With the government shutting down and work often harder to come by, people are definitely out searching for jobs so they can provide for their families.
Each year MUW hosts an annual Golden Triangle Employment Expo for students and the community to have an opportunity to meet with several potential employers in one location. On Oct. 2, Pohl Gymnasium was flooded with more than 50 employers, ranging from manufacturing to professional.
Sebastian Riley, market program director from Urban Radio Broadcasting, was glad to be asked to join and be a part of this special event.
“This job fair helps us increase jobs and interns at our station,” said Riley. “It gives us a chance to meet new faces and explain what radio is all about.”
This expo allows those who are seeking employment to go around and visit vendors to see if it’s an area that they are interested in. Most vendors weren’t asking for much — just a resume and a friendly face, which isn’t hard at all.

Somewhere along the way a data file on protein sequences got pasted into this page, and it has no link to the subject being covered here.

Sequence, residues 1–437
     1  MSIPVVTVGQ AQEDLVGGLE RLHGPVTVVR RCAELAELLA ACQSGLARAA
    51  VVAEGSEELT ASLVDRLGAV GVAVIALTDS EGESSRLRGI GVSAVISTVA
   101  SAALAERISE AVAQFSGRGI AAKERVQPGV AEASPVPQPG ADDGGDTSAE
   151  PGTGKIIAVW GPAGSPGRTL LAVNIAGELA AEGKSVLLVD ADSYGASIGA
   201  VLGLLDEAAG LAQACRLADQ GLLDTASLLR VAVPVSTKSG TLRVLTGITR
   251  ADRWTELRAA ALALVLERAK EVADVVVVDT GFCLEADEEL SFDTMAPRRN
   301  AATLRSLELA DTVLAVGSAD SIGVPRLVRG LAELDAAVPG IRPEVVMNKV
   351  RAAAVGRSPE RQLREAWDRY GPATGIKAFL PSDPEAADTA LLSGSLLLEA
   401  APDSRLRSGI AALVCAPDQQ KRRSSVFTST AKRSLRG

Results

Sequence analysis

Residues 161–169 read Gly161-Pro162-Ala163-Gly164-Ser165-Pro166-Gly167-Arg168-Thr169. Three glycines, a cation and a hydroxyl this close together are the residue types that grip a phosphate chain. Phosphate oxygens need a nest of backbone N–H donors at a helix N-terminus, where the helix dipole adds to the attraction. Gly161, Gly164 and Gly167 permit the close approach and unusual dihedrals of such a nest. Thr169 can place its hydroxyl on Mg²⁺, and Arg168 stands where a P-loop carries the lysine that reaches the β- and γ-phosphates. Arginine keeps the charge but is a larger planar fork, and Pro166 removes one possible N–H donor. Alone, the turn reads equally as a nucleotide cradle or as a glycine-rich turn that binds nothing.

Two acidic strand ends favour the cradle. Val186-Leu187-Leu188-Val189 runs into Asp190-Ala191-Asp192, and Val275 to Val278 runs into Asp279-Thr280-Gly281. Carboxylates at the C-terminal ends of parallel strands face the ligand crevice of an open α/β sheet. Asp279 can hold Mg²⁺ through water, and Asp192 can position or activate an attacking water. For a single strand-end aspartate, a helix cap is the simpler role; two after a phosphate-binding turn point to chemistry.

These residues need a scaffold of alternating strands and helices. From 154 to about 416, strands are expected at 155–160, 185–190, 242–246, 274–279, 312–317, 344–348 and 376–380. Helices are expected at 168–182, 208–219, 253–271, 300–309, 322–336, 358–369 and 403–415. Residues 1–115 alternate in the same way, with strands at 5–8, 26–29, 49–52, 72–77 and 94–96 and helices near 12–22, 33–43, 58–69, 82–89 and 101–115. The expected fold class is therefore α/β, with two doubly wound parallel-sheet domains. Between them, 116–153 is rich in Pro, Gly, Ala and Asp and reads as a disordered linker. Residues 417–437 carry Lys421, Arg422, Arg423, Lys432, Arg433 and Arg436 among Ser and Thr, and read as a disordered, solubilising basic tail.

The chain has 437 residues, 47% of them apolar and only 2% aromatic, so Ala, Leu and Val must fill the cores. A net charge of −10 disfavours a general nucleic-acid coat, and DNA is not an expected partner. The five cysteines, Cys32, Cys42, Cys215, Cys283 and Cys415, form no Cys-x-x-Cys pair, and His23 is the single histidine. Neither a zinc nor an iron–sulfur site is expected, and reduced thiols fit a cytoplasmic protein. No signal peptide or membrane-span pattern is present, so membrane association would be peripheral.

“Even though I already have a job, I thought this job fair would help me find something better,” said Ashley Brown.
It can be hard finding a job because some employers are looking for experienced workers.
“I have being looking for a job for eight months, and I thought this job fair would help,” said Kimberly Hamilton. “Every vendor I go to is looking for experienced workers, but I’m not giving up. I’m going to continue searching.”
Hamilton, who served in the military for more than 10 years, said she hoped this would be a good opportunity for her.
The United Way Community Volunteer Center was also there, providing opportunities to be a volunteer for different places. Sometimes volunteer positions can lead to jobs with an organization.
Linda Zalesky started off volunteering at the Humane Society. She said she did it every day without pay, but her hard work and dedication paid off. She was soon offered a job at the American Cancer Society and has been working there for 10 years.
“I didn’t care if I got paid because I was doing it from my heart. No matter what I did, I did it with a smile,” said Zalesky.